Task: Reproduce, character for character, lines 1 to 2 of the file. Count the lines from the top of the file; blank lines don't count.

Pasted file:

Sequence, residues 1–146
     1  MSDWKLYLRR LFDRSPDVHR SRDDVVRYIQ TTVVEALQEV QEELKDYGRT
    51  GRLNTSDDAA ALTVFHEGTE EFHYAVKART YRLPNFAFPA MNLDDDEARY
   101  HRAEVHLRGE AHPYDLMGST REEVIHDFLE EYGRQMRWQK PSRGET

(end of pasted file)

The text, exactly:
Sequence, residues 1–146
     1  MSDWKLYLRR LFDRSPDVHR SRDDVVRYIQ TTVVEALQEV QEELKDYGRT